The hidden workforce is a term used to describe people who are willing and able to work, but who are not actively participating in the labor market. This can include people who are unemployed, underemployed, or working in informal jobs. It is often overlooked by businesses, but it can be a valuable source of talent.
Who Are The Hidden Workers?
The hidden workforce is a diverse group of people, but some common characteristics include:
- Caregivers: People who are caring for children, elderly parents, or other family members may not be able to work full-time or in traditional jobs.
- People with disabilities: People with disabilities may face barriers to finding and keeping a job, such as discrimination or lack of accessible transportation.
- Veterans and military spouses: Veterans and military spouses may face challenges finding jobs due to frequent relocations, military deployments, or service-related injuries.
- People with criminal records: People with criminal records may face discrimination from employers, even if they have served their time and are rehabilitated.
- Immigrants and refugees: Immigrants and refugees may face language barriers, lack of work experience, or difficulty obtaining a work visa.
Why Should Businesses Care About the Hidden Workforce?
There are several reasons why businesses should care about the hidden workforce:
- Talent pool: It is a large and untapped talent pool. Businesses that can tap into this pool will have a competitive advantage in attracting and retaining top talent.
- Diversity: The hidden workforce is more diverse than the traditional workforce. This diversity can bring new ideas and perspectives to businesses, and can help them to better understand and serve their customers.
- Inclusion: Hiring from the hidden workforce can help businesses to create a more inclusive workplace. This can lead to improved employee morale, productivity, and customer service.
Statistics About the Hidden Workforce
According to a Harvard Business School study, there are more than 27 million hidden workers in the United States alone.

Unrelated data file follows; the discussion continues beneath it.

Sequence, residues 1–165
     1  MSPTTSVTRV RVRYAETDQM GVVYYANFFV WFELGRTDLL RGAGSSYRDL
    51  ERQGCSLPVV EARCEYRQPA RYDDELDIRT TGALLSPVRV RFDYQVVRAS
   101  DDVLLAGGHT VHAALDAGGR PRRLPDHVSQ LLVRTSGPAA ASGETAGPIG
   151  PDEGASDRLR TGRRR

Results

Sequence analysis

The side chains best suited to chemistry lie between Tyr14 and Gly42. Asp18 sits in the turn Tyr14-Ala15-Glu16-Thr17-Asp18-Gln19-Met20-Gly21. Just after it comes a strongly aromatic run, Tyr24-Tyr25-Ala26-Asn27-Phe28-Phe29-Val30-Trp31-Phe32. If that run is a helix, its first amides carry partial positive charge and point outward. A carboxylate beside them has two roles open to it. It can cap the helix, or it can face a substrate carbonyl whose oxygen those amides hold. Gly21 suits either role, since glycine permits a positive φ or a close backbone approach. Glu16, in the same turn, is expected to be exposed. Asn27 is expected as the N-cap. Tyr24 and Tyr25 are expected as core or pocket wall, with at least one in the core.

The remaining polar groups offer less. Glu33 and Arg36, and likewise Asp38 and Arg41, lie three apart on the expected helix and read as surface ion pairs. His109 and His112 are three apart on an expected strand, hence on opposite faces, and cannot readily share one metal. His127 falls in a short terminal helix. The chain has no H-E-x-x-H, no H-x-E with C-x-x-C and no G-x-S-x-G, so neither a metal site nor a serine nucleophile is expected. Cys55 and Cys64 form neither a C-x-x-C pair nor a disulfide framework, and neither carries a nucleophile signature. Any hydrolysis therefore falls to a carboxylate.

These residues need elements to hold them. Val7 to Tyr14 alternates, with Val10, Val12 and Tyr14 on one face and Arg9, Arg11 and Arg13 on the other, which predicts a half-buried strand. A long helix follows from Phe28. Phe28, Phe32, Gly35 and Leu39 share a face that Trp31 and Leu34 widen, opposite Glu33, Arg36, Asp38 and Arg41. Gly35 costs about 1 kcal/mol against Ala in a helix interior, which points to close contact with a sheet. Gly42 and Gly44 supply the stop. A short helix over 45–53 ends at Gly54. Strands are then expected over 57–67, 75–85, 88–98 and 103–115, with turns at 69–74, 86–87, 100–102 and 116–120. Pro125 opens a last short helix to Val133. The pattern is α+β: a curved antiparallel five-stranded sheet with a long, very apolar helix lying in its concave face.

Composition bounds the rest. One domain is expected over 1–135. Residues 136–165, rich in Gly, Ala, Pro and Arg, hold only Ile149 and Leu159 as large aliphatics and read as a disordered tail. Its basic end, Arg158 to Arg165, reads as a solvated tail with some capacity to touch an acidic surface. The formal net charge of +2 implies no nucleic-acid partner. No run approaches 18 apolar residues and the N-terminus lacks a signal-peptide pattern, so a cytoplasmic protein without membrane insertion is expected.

A study by Accenture found that hidden workers make up about 17% of the workforce in the United States, the United Kingdom, and Germany.
Research by the McKinsey Global Institute found that companies that are more diverse and inclusive outperform their peers on financial metrics.
A study by the Society for Human Resource Management found that companies that have inclusive workplaces have higher employee engagement and retention rates.
How Can Businesses Tap Into the Hidden Workforce?
There are a number of things that businesses can do to tap into the hidden workforce:
- Review hiring practices: Businesses should review their hiring practices to make sure that they are not discriminating against hidden workers. This includes removing questions about criminal history from job applications and conducting blind interviews.
- Partner with community organizations: Businesses can partner with community organizations that serve hidden workers, such as non-profit organizations that work with veterans, people with disabilities, or immigrants.
- Offer flexible work arrangements: Businesses can offer flexible work arrangements, such as remote work, part-time work, and flextime, to make it easier for hidden workers to participate in the workforce.
- Create a more inclusive workplace: Businesses can create a more inclusive workplace by providing training on unconscious bias and by creating employee resource groups for hidden workers.
By tapping into the hidden workforce, businesses can access a large and untapped talent pool, improve their diversity and inclusion, and boost their bottom line.